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Putin whipping girls Pussy Riot out of jail free

Three days after President Vladimir Putin’s liberation of former oil tycoon and opposition critic Mikhaïl Khodorkovsky from prison, it was the turn of two members of punk rock protest group Pussy Riot to be let go: Maria Alekhina and Nadejda Tolokonnikova.

The act that put the anti-Putin band behind bars was a performance in February 2012 in Moscow’s Cathedral of Christ the Savior. They called on the Virgin Mary to exorcise Putin from the Kremlin. He was Prime Minister at the time, running for president again. The election was two weeks away.

Once he was revoted into the highest office, three members of Pussy Riot – Nadejda Tolokonnikova, Maria Alekhina and Ekaterina Samoutsevitch were arrested. Their trial commenced in July. In August they were sentenced to two years in penitentiary, on a conviction of hooliganism motivated by religious hatred.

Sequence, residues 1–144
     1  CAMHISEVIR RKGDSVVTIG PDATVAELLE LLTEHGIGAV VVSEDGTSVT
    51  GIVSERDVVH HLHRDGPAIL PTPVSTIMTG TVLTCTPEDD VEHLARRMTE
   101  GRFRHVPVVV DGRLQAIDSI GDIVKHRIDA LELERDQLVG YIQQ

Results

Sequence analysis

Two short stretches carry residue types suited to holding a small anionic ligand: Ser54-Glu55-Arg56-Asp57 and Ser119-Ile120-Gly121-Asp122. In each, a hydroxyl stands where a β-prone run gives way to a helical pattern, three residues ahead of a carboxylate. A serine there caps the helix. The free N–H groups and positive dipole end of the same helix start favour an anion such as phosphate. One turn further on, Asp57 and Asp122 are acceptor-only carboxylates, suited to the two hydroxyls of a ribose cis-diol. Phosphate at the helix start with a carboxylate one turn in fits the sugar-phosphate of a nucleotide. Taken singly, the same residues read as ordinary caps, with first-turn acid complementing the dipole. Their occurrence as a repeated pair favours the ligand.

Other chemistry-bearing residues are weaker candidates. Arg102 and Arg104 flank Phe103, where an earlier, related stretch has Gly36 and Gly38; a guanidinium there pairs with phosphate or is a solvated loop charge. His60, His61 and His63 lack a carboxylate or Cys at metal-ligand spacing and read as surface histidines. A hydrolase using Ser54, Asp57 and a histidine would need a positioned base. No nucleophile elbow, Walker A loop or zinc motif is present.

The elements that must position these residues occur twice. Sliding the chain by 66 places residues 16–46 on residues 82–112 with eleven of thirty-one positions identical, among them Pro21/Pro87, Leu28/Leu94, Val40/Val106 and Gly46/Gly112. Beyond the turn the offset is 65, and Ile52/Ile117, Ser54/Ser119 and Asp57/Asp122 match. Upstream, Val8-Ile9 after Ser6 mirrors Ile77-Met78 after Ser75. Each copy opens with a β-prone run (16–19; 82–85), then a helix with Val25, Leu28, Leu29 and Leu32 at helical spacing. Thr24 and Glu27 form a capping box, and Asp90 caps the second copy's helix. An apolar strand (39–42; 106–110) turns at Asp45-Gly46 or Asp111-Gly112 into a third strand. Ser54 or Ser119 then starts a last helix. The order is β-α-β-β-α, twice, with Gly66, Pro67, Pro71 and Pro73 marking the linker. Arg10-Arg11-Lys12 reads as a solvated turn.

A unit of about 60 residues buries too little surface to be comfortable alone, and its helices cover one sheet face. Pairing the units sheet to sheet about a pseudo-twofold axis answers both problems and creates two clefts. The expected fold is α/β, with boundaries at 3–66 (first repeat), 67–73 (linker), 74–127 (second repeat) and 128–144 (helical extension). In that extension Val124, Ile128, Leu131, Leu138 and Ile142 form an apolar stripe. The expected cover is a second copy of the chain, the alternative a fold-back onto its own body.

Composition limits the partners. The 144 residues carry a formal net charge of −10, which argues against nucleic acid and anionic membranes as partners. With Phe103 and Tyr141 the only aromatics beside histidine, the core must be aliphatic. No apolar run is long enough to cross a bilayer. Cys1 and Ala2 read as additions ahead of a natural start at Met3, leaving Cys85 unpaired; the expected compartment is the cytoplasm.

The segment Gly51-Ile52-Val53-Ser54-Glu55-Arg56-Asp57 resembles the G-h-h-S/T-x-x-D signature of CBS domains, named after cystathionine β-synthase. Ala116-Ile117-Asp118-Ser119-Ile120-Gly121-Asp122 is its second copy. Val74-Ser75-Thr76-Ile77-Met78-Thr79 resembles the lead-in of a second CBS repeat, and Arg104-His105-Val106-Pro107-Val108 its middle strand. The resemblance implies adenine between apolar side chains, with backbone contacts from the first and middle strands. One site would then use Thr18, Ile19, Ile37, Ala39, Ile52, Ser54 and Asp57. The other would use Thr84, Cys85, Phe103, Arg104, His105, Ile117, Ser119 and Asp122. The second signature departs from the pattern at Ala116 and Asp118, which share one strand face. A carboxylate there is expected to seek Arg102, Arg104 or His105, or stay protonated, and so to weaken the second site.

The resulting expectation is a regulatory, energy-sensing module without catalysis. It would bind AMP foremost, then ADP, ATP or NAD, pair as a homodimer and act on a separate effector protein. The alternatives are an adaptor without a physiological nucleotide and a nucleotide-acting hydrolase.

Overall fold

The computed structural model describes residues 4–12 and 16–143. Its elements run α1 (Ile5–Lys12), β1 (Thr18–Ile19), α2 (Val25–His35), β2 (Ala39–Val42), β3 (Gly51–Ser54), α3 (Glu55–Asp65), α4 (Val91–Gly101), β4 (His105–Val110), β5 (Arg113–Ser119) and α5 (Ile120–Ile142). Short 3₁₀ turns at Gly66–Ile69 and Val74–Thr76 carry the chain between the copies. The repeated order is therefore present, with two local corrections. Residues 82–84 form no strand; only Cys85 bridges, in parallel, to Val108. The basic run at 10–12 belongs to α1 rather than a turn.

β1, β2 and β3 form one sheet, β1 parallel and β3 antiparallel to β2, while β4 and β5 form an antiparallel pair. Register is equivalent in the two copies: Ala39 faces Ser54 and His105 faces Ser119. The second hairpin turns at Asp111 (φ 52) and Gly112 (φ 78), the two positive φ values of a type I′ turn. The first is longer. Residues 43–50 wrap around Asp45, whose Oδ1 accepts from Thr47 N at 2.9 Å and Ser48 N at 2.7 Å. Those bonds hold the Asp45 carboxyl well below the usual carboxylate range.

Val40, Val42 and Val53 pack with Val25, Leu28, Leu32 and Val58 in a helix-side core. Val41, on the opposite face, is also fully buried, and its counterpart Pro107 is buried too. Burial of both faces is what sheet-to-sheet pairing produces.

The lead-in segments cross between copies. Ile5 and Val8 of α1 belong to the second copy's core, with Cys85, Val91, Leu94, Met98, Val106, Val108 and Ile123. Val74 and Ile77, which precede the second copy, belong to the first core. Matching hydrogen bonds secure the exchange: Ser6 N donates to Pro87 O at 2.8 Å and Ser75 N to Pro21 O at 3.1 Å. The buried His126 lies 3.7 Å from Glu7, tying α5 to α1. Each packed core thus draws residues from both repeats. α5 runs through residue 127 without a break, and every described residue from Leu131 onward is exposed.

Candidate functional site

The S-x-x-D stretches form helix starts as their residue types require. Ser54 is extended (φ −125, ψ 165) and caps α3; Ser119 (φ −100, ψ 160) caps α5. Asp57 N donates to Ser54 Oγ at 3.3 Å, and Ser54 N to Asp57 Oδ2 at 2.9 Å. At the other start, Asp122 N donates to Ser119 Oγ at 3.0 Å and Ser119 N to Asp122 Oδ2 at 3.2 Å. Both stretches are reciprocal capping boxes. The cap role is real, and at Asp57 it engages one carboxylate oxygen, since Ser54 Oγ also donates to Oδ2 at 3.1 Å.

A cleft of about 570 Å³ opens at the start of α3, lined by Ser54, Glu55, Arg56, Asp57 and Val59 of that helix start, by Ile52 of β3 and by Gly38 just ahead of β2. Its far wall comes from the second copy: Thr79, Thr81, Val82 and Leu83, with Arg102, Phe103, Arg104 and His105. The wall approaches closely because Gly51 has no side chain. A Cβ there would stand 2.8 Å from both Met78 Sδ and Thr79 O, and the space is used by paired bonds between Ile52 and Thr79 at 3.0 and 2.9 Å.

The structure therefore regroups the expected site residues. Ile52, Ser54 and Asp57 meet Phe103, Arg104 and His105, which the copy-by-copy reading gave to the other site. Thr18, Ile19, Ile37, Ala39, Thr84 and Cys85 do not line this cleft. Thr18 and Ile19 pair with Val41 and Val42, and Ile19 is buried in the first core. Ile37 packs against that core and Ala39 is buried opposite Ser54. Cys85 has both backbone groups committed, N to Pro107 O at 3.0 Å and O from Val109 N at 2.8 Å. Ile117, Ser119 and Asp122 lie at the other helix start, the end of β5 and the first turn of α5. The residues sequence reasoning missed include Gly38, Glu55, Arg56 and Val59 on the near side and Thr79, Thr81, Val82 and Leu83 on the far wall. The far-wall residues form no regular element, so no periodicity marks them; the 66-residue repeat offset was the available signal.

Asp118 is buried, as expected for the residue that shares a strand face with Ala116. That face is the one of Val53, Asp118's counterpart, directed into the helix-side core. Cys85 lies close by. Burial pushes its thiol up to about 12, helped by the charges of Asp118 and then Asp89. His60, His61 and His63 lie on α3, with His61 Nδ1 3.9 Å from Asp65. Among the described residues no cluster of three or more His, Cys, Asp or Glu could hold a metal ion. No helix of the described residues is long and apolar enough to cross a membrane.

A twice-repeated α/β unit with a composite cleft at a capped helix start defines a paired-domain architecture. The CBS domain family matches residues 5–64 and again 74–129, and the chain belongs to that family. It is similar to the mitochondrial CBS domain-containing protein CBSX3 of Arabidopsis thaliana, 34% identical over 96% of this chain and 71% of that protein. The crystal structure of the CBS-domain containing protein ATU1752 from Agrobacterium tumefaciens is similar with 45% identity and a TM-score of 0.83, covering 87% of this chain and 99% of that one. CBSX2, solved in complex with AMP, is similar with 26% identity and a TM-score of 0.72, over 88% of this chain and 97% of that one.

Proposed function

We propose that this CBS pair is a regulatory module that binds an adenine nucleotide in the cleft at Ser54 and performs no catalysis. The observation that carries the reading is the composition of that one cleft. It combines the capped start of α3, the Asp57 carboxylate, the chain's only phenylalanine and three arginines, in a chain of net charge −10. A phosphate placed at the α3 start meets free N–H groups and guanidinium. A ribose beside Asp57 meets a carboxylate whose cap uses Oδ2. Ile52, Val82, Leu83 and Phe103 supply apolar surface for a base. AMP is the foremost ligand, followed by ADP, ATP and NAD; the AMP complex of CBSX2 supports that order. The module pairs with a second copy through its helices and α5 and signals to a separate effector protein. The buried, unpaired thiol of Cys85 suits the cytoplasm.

Varvara Tolokonnikova, aged 79, is the grandmother of Pussy Rioter Nadezhda. She felt Putin should have behaved differently: “Even if they didn’t hurt Putin, he is a very resentful person, very vain. It was a slap in the face for him. He couldn’t forgive them, didn’t want to. That’s why things turned out the way they did.”

Pussy Riot slapped Putin over policies they blasted as discriminating against women. They claimed a place among global anti-capitalist movements, notably feminists. They defy labelling, haven’t made an album, and don’t call themselves artists or poets, yet they brew politics, religion and art into their protest mix. Their prison status made them anti-Putin icons.Ekaterina Samoutsevitch was freed in October 2012.

Cathedral guards had prevented her from taking part in the offending performance, and her sentence was suspended. The other Rioters, in spite of being mothers of young children, although they appealed and went on hunger strikes, were thrown in jail, even after one was taken to hospital. They were sent to labour camps far from Moscow where they were to serve out their time until March 2014.

Copyright © 2014 euronews

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